Students from under-represented and historically stigmatized social groups may experience greater worries than their peers about whether they will fit into a social or academic setting. This “belonging uncertainty” can be caused by various factors: under-representation on campus; perceived prejudice and actual prejudice directed at the student; and “stereotype threat,” which is the fear that one might confirm negative stereotypes about one’s social group.

When individuals are repeatedly asking themselves whether they belong or not, it can make inevitable setbacks and challenges feel like a sign they can never succeed. This diminishes motivation to engage and persist in school. Students ask fewer questions in class, study less often with others, and avoid office hours. As a result, their grades suffer. In one study, daily adversity—like not getting asked to a party or to the lunch table—seemed to African American students like a sign they didn’t belong. Later, this predicted lower grades in college.

The Mindset Scholars Network and other researchers have conducted studies on multiple college campuses showing that it is possible to stop belonging uncertainty from causing low grades. In a prominent study by Network scholars Greg Walton and Geoff Cohen, college students participated in an exercise in which they were shown survey data indicating that all incoming freshmen wonder at first whether they will belong, regardless of race. They then read stories about how upperclassmen had come to get integrated into the college. This message made African American students feel less like they were the only ones to wonder about their potential to succeed. Later, experiences of daily adversity were less likely to cause them to question their belonging. Amazingly, their GPAs and overall health and well-being improved at a 3-year follow-up period.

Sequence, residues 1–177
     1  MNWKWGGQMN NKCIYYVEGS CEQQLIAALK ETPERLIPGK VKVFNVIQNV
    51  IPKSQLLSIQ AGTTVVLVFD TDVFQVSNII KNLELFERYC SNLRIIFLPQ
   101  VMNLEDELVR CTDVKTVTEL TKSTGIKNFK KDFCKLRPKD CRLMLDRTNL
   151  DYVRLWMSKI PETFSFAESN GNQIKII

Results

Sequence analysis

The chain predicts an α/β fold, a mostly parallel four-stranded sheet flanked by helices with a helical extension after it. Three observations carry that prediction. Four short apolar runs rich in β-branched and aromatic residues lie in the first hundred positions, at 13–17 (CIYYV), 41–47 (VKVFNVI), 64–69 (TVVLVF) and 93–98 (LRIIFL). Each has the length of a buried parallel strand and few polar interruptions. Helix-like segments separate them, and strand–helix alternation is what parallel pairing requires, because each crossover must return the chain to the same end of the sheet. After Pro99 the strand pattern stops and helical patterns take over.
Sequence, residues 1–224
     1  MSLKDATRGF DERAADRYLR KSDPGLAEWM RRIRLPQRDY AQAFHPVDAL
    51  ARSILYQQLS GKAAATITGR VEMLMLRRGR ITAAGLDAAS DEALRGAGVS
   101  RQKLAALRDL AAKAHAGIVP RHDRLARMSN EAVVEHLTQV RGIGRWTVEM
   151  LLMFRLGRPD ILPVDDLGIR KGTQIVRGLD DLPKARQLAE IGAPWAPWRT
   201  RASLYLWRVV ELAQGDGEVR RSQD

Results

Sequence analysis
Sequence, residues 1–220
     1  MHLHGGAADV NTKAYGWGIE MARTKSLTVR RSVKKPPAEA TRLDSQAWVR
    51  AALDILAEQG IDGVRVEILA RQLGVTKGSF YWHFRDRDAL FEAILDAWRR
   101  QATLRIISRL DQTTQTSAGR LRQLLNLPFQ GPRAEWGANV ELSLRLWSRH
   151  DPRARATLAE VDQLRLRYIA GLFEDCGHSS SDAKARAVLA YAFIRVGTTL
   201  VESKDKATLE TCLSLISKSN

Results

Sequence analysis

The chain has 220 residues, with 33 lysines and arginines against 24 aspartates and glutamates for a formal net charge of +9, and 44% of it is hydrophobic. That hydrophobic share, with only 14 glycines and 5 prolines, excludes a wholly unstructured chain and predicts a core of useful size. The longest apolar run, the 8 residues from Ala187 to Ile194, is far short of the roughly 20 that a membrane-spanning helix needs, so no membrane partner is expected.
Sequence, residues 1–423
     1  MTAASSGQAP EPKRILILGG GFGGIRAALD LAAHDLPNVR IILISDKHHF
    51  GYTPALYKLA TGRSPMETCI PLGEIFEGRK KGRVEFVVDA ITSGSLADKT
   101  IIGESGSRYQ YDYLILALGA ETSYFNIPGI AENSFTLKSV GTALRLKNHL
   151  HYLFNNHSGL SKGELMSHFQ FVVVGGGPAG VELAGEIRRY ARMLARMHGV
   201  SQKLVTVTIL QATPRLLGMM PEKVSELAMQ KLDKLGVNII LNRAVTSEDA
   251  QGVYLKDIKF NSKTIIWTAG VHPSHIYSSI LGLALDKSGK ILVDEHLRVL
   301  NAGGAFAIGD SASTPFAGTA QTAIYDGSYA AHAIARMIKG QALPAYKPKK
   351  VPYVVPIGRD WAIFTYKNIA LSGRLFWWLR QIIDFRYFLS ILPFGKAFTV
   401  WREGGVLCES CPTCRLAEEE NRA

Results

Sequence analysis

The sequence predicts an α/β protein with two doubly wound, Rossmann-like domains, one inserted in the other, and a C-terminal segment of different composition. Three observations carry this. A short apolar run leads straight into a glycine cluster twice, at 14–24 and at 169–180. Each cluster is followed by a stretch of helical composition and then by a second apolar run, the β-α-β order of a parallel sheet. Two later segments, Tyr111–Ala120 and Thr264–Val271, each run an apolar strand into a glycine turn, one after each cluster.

These studies do not dismiss the realities of isolation, bias, and discrimination. Some programs being developed by network scholars Nicole Stephens and Mesmin Destin explicitly address differences across social groups. Future research will look at how institutions can change their cultures and practices to enhance under-represented students’ sense of belonging on campus. Nevertheless, programs like the one above show that there is much more to college achievement gaps than differences in preparation or motivation or ability. Instead, it seems as though a major part of racial/ethnic group differences has to do with the previously unnoticed ways in which students make sense of everyday events. When an intervention makes students feel less like those events mean they can’t succeed, then they do better.

The following studies describe various approaches that researchers have developed to boost students’ sense of belonging in a number of settings:

Greg Walton has also pulled together a set of guidelines for individuals looking to incorporate elements of belonging interventions into their campuses. Individuals can also explore the work of the College Transition Collaborative, a Mindset Scholars Network-affiliated research / practice initiative to design, evaluate, and scale programs like the belonging interventions featured here.

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